What sustained Paul was the realization that this was a temporary and transitory state (2 Co. 4:18{9). He focused not on present but on future conditions, not on the seen but unseen. This explains why Paul can be so courageous as he faces the prospect of death. He is under a great limitation as long as he lives in the physical body: he is away from the Lord. Without a doubt, he has been privileged to see “the glory of God in the face of Christ” (4:6), and in a real and vital way Christ lives in him, even in this life (Gal. 2:20{29). Death does not cause Paul to fear, because it is through death that he will enter into a new and better relationship with Christ. He can face death with courage, for if it comes he will be at home with the Lord (v. 8).


7 For we walk by faith, not by sight.

How could Paul be so sure that when we leave this body we will be present with the Lord? Paul says that we walk by faith. We take God at His Word. I would rather take His Word that anyone else’s word. This confidence in the realities that are unseen allows believers to persevere in this faith, regardless of persecution, opposition, or temptation (Heb. 11:6{30; 1 Pe. 1:8-9{31). Faith is taking God at His Word. We are living in these bodies, and we are absent from the Lord.


This is how Paul lived—he lived “by faith” in Jesus Christ, not by faith in those visible things around him. He focused not on present but on future conditions, not on the seen, but on the unseen. He lived in the light of the ultimate rather than immediate realities (Rom. 8:24-25{10); and he was obedient to God’s commands despite the hardships that obedience produces (2 Co. 11:23-29{11). This was Paul’s life. If the choice were his, he would have seized the opportunity to depart this pilgrimage life and take up residence (be at home) with the Lord (Phil. 1:22-23{12). But the constraints of his commission caused him to press on (Phil. 1:24{13; Eph. 3:1-13).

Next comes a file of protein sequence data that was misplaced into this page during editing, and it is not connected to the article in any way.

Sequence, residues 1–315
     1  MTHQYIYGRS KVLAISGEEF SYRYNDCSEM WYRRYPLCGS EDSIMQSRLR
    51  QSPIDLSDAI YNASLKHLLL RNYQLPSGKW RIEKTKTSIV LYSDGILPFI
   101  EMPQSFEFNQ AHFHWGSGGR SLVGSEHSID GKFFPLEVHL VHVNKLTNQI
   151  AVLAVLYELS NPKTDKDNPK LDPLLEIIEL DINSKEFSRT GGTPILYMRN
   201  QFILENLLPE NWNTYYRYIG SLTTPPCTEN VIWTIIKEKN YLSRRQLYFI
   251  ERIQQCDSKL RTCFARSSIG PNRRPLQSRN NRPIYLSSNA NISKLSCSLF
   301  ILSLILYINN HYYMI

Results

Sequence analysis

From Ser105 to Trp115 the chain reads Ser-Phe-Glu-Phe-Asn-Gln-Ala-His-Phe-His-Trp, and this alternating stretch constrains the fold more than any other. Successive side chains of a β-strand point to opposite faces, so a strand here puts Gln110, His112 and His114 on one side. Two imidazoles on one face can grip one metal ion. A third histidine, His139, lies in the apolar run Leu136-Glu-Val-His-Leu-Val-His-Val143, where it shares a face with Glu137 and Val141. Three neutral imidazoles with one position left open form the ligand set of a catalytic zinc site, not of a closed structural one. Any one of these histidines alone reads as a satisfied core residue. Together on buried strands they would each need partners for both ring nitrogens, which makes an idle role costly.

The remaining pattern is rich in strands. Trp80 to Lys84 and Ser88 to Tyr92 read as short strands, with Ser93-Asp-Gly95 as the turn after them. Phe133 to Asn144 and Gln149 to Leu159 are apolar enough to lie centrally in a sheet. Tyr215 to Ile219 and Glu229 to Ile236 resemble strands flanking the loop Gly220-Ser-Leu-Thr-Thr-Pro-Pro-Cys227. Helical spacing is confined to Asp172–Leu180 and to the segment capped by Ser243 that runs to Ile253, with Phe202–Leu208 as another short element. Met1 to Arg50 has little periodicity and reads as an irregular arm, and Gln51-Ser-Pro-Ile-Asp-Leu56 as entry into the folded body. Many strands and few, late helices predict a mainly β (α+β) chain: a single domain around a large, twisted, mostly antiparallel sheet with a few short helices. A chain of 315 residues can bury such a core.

While we are living here in the world, we do not clearly see the Lord and the heavenly world in which He rules; we cannot see the situation into which He will bring us. So we must live by faith that trusts God. In this we do not see God as we shall later, and this for Paul is a real limitation.



8 We are confident, yes, well pleased rather to be absent from the body and to be present with the Lord.

Verse 7 should be considered a parenthesis, therefore verse 8 completes the sentence which began with verse 6.


A better translation would be, “at home with the Lord.” This verse contrasts being at home in the body or being at home with the Lord. Remember that the soul does not die. The soul never dies; it goes to be with Christ. It is the body that is put to sleep. It is the body that must be changed. Remember that there will be a generation that does not experience death, but their bodies will still need to be changed. “Behold, I tell you a mystery: We shall not all sleep, but we shall all be changed . . . For this corruptible must put on incorruption, and this mortal must put on immortality” (1 Co. 15:51, 53). It is the body that goes to sleep and it is the body that is raised. Resurrection does not refer to the soul or the spirit. The English word resurrection is the Greek word anastasis, which means “a standing up.” It is the body which will stand up. Knowing these things, we walk by faith.


Since Paul wrote about the bodily resurrection occurring when Jesus returns (1 Co. 15:51-54{24) and also of believers being with Jesus immediately after they die, several theories have been proposed to explain this transitional state of the believer. In recent years, all of the theories about the disembodied state have been severely criticized. Many commentators have pointed out that these are based more on philosophical ideas about a person’s soul than on Scripture. Some of the confusion is due to the fact that there is very little scriptural explanation.